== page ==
Cartier’s his­tory is tied to the pi­o­neer­ing spirit of its founder Louis-François Cartier, when in 1847, he took charge of his mas­ter’s jewellery work­shop in Paris. A pas­sion nur­tured by the fam­ily for years. Nowa­days it is part of the Richemont Group. What were the fun­da­men­tal choices for its growth? The third gen­er­a­tion of the Cartier fam­ily had very am­bi­tious projects for the Mai­son and a vi­sion based on val­ues that went be­yond fam­ily ties. Al­ready by 1933, when Louis Cartier de­cided to re­tire from the busi­ness, he en­trusted the run­ning of the Mai­son to Jeanne Tous­saint, who al­though not part of the fam­ily was in his eyes the best per­son for the role. So we can say that from that day, al­though the Mai­son was still prop­erty of the Cartier fam­ily, it was de­cided to pass the lead­er­ship on to the most com­pe­tent peo­ple around, with the aim of mak­ing the com­pany grow in line with the founders’ poli­cies. In short, a change in man­age­ment did not bring about a change in the Mai­son’s val­ues, which brought suc­cess and cre­ated Cartier’s story: a unique style, recog­nis­able by ev­ery­one and by its rel­e­vant cre­ations. Cartier has al­ways had ex­cep­tional clients, from the royal world (kings, em­presses, princes, princesses and duchesses) to that of show busi­ness (the em­blem­atic “Tay­lor-Bur­ton” di­a­mond). What has made Cartier jewels so sought af­ter? I think that it’s the ex­cel­lence of the cre­ations in terms of style, the qual­ity of the ma­te­ri­als and the savoir-faire in cre­at­ing a rap­port be­tween clients and the Mai­son: for ev­ery ex­cep­tional client and ev­ery ex­cep­tional oc­ca­sion, there is an ex­cep­tional item of jewellery. Also, Cartier has al­ways been the source of eco­nomic trans­ac­tions of il­lus­tri­ous pieces. Our clients know that the Mai­son is the right place to find ex­cep­tional jewellery. Par­tic­u­larly, we have been a link be­tween the his­tor­i­cal jewels of Old Europe and the new con­ti­nents, first Amer­ica then Asia. In 1904 the Mai­son cre­ated the first wrist­watch for the pilot Al­berto San­tos-Du­mont. To­day it is a leader in fine watch mak­ing and Tortue, Tank, Baig­noire, Pan­thère, Pasha re­call the “Cartier era”. How have they be­come class archetypes? Cartier has al­ways been con­sid­ered pi­o­neers of wrist­watches; there­fore it al­ready has strong cred­i­bil­ity in this field. The Mai­son is tied, in the peo­ple’s imag­i­na­tion - and with good rea­son -, to the creative watch in terms of form, ef­fec­tively since 1904. It is pre­cisely this cre­ativ­ity that con­tin­ues to set us apart from all other watch­mak­ers, and al­lows us to lead in this field even to­day. Ob­vi­ously we’re not talk­ing about vol­umes, pro­duc­tion, ma­te­ri­als or move­ments, I’m re­fer­ring to the cre­ativ­ity and the orig­i­nal­ity of the mod­els. The art of Cartier jewellery blos­somed in 1906 with Art Déco jewels, and then in 1924 passed to one of the brand’s most fa­mous cre­ations, the Trin­ity. Fol­lowed by Must de Cartier in the 70s and more re­cent ex­quis­ite cre­ations. What artis­tic abil­ity has made Cartier’s know-how fa­mous around the world? We are con­tin­u­ously search­ing for ex­cel­lence in savoir-faire. Our crafts­men are trained in-house for sev­eral years in or­der to raise them up to our level of re­quire­ments and our stan­dards. Our savoir-faire is not only based on aes­thet­ics, our aim is to also cre­ate pieces that are a plea­sure to wear, com­fort­able, in move­ment. The Cartier piece is ex­halted by the flu­id­ity of the ma­te­rial, the man­ner in which the pieces are struc­tured, with flex­i­bil­ity. The piece needs to take the body’s shape, so we fo­cus on plea­sure just as much as aes­thet­ics.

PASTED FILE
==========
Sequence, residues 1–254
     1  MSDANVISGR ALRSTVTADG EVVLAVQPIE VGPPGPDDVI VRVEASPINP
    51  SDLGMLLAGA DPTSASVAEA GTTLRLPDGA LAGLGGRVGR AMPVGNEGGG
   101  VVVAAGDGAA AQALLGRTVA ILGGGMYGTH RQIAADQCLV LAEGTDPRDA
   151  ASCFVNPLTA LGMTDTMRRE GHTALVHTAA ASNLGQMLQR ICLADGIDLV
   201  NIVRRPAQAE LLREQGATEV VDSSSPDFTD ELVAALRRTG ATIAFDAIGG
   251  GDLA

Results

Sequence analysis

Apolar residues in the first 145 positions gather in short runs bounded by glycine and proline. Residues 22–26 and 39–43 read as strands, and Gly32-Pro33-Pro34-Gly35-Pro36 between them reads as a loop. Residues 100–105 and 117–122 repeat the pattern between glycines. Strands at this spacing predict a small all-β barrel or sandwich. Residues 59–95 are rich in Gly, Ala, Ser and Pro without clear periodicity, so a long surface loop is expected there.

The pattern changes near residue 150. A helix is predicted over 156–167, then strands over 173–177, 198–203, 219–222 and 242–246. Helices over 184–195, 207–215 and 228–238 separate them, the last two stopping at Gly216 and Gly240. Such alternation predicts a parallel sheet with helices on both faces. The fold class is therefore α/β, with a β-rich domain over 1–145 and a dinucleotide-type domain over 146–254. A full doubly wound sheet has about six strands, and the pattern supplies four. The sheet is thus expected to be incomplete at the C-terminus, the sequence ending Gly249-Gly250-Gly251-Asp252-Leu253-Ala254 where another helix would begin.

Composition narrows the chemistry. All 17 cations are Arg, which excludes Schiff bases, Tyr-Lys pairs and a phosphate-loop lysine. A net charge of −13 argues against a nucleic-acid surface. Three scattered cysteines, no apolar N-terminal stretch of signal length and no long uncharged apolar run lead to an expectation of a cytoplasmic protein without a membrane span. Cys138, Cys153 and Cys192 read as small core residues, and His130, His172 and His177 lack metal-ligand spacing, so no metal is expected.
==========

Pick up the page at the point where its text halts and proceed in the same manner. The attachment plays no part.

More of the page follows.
Collezione Orologi Alta Gioiel­le­ria 2012. Temps Moderne de Cartier. Cassa in oro bianco 18 carati. 508 bril­lanti (circa 3,7 carati). Sotto, da sin­is­tra. Spilla con pan­tera, 1949. Questa pan­tera è il se­condo tridi­men­sion­ale es­em­pio che Cartier ha fatto per la duchessa di Wind­sor. Spilla in platino, opale, smer­aldo e dia­manti. Anello Sor­tilège della collezione Cartier.